Thomas Bach, the new president of the International Olympic Committee, is the ninth person to hold the position since it was established in 1894. The election of Mr Bach, once an Olympic gold medal fencer, comes shortly after the investiture of Ephraim Mirvis as chief rabbi of Britain and the Commonwealth. Britain has had chief rabbis since 1704. Rabbi Mirvis is just the 11th to hold the post.
When the Olympic movement and British Jewry appoint bosses, they expect them to stick around.
Contrast that with company chief executives, who are being thrown out in almost unprecedented numbers. Read more
The Ashes is regularly described as “one of the oldest rivalries in sport” – a phrase to get the blood running for English and Australian cricket fans as the latest series gets under way. But could the competitive edge that makes the Test matches so exciting lead to unethical behaviour on and off the field? It seems so.
Academics exploring the difference between healthy competition and sometimes unhealthy rivalry suggest that the latter is “associated with increased Machiavellianism, over-reporting of performance, willingness to employ unethical negotiation tactics, and unsportsmanlike behavior”. Read more
Sir Alex Ferguson’s retirement as manager of Manchester United gives the management world another example of how to bow out when you are, frankly, getting a bit elderly.
On this topic, we now have four great templates – the Pope, the Queen of England, Warren Buffett and Sir Alex – each of which could be applied by organisations whose leaders are grappling with questions about the frailty and mortality of their leaders. Read more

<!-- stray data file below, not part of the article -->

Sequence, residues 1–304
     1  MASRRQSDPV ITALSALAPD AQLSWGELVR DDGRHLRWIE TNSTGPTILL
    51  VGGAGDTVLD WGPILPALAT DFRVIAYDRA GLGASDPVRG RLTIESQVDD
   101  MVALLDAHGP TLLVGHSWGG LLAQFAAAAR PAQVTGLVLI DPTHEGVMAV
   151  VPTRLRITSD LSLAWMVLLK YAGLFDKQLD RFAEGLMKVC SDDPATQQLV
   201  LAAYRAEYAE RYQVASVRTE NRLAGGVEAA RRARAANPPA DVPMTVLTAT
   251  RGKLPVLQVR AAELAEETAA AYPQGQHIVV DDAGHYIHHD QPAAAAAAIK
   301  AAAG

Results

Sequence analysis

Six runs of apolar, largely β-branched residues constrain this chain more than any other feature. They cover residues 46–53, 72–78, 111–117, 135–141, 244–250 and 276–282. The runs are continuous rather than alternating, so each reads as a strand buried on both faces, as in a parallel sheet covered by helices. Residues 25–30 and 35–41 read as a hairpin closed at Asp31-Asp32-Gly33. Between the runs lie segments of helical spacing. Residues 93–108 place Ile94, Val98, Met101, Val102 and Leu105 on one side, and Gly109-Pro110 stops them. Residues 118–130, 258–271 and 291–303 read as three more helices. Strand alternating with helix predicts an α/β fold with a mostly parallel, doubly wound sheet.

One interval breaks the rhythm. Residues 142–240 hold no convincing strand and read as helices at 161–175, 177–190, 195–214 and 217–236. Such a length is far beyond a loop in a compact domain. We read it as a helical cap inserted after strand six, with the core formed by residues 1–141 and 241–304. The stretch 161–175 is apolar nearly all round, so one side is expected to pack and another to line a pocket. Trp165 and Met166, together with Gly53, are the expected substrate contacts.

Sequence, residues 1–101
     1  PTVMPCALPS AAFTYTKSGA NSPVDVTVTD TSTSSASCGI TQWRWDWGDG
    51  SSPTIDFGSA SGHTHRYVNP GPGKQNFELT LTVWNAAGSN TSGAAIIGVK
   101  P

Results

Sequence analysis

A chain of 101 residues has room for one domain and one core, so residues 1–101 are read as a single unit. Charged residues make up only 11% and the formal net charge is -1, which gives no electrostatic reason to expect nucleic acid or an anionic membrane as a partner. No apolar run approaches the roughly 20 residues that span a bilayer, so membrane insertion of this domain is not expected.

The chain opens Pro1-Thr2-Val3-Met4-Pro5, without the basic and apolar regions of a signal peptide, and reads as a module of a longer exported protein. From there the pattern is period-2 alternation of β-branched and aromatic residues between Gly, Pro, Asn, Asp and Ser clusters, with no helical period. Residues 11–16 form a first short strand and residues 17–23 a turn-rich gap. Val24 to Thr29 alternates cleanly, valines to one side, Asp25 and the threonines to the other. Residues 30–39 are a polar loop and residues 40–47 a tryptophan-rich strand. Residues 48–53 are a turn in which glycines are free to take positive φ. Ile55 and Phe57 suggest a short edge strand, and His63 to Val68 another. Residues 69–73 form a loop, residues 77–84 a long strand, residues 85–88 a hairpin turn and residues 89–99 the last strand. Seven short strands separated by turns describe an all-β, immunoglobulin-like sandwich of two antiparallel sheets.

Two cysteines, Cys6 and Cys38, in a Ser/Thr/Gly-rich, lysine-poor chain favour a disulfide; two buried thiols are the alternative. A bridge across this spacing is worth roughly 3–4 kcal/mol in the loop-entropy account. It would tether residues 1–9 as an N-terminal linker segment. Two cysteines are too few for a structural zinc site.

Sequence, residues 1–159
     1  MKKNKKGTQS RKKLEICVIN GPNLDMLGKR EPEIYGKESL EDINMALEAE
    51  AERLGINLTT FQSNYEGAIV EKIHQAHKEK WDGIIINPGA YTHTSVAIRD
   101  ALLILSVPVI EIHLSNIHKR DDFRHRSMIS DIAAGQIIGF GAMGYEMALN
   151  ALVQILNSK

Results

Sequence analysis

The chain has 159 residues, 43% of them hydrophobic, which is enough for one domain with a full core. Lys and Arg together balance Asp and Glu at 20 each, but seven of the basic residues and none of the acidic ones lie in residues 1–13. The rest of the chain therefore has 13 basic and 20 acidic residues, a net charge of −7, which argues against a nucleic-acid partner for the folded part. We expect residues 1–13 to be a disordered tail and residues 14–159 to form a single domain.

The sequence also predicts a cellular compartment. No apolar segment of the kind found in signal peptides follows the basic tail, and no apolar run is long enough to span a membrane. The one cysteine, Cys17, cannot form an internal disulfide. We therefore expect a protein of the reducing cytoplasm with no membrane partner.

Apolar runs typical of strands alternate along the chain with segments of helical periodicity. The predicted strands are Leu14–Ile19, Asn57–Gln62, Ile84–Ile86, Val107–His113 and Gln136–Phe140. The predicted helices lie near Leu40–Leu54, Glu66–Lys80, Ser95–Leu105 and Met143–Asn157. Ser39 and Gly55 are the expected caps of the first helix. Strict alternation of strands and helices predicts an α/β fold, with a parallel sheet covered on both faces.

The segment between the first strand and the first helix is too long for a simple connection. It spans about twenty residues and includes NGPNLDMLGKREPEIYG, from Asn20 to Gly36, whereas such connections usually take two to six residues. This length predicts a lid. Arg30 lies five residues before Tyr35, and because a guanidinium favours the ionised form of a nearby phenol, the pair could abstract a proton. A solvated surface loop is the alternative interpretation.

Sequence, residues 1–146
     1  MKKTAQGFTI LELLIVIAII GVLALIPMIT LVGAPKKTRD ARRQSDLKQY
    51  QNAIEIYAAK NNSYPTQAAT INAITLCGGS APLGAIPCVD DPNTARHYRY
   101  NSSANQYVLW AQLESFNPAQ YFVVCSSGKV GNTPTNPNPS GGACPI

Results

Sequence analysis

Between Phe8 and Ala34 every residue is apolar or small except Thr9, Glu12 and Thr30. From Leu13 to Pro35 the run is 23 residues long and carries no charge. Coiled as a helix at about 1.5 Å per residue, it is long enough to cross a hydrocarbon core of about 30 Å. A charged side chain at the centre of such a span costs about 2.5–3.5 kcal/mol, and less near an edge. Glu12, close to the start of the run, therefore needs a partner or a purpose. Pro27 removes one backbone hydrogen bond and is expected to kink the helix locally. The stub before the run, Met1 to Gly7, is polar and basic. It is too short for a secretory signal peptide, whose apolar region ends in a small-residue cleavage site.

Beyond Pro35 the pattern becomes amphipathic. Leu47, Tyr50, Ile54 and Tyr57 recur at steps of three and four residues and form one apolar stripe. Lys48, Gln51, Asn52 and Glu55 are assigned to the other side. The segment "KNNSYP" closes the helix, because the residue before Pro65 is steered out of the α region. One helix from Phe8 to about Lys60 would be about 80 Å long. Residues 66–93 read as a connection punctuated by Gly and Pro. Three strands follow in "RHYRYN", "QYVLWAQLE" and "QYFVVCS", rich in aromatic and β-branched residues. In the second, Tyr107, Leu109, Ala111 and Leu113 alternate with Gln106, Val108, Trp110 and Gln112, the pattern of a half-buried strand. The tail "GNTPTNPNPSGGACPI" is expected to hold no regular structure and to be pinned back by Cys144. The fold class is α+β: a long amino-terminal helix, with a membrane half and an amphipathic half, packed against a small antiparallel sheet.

Pat Howard is getting some undeserved flak for suspending four players from Australia’s national cricket team.
The manager was once chief operating officer of a listed company, but never in his corporate management career can he have taken a more controversial decision. Read more
Roberto Di Matteo. Image by Getty
Chief executives who fret about the short-termist demands of their companies’ shareholders should spare a thought for Roberto Di Matteo, ditched as manager of Chelsea Football Club on Wednesday.
Football is a funny old management game, of course, but Chelsea’s capricious owner Roman Abramovich embodies a combination of short-termism, short temper and short-term memory loss that is extreme even in that curious world.
True, Mr Di Matteo had just overseen Chelsea’s defeat in the Champions’ League on Tuesday night to Italy’s Juventus, which puts the London club in danger of an early exit from Europe’s most prestigious club competition. But Mr Di Matteo is also the man who, having taken over only weeks earlier from the last hapless Chelsea manager, led the club to (admittedly unexpected) victory in the same tournament in May. Read more
If I were a 72-year-old billionaire with interests in three Los Angeles sports teams and venues from the Californian city’s Staples Center to London’s O2 Arena, I might be inclined to relax, put my feet up and count on enjoying another 15, even 20, years of guaranteed VIP seating at the best live events in the world. But I am not Philip Anschutz, the Denver-based billionaire who has just put Anschutz Entertainment Group, his sport, music and entertainment company on the block.
We’re unlikely to hear the explanation for this decision direct from the mogul himself. One of the few live events AEG has not had a hand in staging or hosting recently is a press conference or interview starring Philip Anschutz. Read more
Britain is “considering new rules” to make the London Stock Exchange more attractive to start-ups, according to Bloomberg, using the US “Jumpstart our Business Startups” Act as the model.
Careful. The quest to make individual exchanges more attractive than their counterparts for initial public offerings is fraught with risk and can quickly turn into a race to the bottom on standards. Read more
Anyone who has worked with a prima donna – and hasn’t everyone? – should study the latest career moves of Kevin Pietersen and Robin van Persie.
Cricketer Pietersen, one of England’s best ever batsmen, was dropped from the team last week, accused of sending what the South African-born player admitted were “provocative” texts to the opposing South African team, allegedly denigrating the England captain. Footballer van Persie, Arsenal’s captain, was sold to newly listed Manchester United, six weeks after stating on his website that he and the London club’s management “disagree on the way Arsenal FC should move forward”.